Extremely OT Question: Home Generators

we had a power outage last night and a generator would have been nice. anyone got one who can explain if they are worth it? how does it basically work?

Are they run by gasoline and you can run an extension cord/power strip into the house to keep appliances (or air brushes as the case may be) going?

Is it as simple as that?

thx - Craig

Reply to
crw59
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google is your friend. they come in many shapes, sizes and fuels. cost is variable too. usefulness depends on how often you lose power.

Reply to
e

Some are. Personally if I were to get a generator I'd buy one that runs off my home's natural gas supply.

Reply to
Al Superczynski

We had a two week outage after Hurricane Wilma, and several homes on our block had gasoline generators (which were as rare as hen's teeth at the Home Depot and Lowes stores--they basically sold out every shipment before it even arrived). The neighborhood sounded like a bus depot with all those motors idling. Basically, yes, you roll your portable generator out into the yard start it up and run one or more heavy duty extension cords back into the house. A gallon of gas will usually get you 10 hours or so of power. The oil needs to be changed every 12 hours or so. Of course, every hurricane season we have at least one tragedy when somebody who doesn't read the manual tries to run one indoors or in the garage and wipes out his whole family with carbon monoxide fumes (this year there were two). Best bet is to get a carbon monoxide detector at the same time you buy the generator--looks like a smoke detector, costs about the same. As for capacity, the itty bitty ones are really just for running a few power tools out at a job site. Make sure you get one that can handle at least the refrigerator, a lamp or two and the TV. These will also have 220 outlets as well as 110 on the outside, so you can run the washer or dryer from time to time. The big natural gas powered ones are ideal, of course, but they start at 4 grand before installation. Gerald Owens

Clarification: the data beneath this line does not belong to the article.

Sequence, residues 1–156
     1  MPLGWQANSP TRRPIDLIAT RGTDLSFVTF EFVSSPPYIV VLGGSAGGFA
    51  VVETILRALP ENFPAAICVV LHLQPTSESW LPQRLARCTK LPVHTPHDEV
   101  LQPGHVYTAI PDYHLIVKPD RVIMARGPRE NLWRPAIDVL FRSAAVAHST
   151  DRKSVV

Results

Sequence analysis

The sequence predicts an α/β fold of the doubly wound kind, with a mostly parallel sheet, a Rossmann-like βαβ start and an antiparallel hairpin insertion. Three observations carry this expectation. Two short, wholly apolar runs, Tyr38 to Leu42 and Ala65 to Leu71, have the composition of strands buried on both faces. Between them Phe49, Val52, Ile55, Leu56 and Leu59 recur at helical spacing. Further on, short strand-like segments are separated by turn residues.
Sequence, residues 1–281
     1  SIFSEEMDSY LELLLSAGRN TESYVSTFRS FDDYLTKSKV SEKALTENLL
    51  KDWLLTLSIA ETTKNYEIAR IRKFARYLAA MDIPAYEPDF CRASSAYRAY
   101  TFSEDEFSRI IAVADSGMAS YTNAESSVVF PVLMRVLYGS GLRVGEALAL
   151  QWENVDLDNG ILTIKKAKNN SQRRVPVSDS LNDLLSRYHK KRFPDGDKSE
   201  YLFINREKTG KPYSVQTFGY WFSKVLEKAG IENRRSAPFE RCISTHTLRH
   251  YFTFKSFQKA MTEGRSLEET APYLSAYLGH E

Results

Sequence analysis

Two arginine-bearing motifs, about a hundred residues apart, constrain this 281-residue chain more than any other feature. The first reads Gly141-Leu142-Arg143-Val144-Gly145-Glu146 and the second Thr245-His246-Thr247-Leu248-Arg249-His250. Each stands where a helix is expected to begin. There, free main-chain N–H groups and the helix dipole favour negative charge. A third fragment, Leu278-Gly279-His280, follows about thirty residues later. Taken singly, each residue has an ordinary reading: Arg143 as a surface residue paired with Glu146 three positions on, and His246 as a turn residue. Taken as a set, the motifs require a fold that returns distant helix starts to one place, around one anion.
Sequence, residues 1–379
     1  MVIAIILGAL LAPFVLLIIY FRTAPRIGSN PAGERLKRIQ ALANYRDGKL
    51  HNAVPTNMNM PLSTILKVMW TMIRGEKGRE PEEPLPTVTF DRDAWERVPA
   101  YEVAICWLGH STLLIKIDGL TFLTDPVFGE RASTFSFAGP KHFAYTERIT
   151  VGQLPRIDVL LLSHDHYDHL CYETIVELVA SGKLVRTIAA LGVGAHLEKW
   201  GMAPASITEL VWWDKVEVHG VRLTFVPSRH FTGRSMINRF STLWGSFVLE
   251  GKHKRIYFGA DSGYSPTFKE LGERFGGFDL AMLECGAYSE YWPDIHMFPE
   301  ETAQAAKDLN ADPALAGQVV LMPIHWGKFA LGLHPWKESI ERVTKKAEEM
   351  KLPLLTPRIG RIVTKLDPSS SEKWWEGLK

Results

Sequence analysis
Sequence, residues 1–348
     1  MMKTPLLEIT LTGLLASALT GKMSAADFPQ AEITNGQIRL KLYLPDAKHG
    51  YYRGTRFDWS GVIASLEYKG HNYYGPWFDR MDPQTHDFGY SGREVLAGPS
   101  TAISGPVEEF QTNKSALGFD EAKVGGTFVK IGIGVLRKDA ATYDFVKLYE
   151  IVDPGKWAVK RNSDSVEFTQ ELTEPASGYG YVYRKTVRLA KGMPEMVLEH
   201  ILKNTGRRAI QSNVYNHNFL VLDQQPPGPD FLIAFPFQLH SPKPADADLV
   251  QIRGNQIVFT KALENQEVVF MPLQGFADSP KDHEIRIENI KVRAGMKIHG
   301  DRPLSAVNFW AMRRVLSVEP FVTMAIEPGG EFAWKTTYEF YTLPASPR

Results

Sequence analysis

Reply to
Gerald Owens

good synopsis except the diesels are best. add a biofuel kit and you're set for fuel. fyi, biofuel is used vegetable oil diesel. basically filter, change ph with lye and burn. smells good too.

Reply to
e

Does it smell anything like cotton-seed oil? I remember growing up in Alabama, and passing through the rural farmland areas. That scent was incredible (in a very good way).

Reply to
Greg Heilers

used veggie oil smells like french frys. many resturants give it away. usually they pay to have it hauled away.

Reply to
e

fuck gasoline, go bio diesel. store as long as wanted. lots cheaper!

Reply to
e

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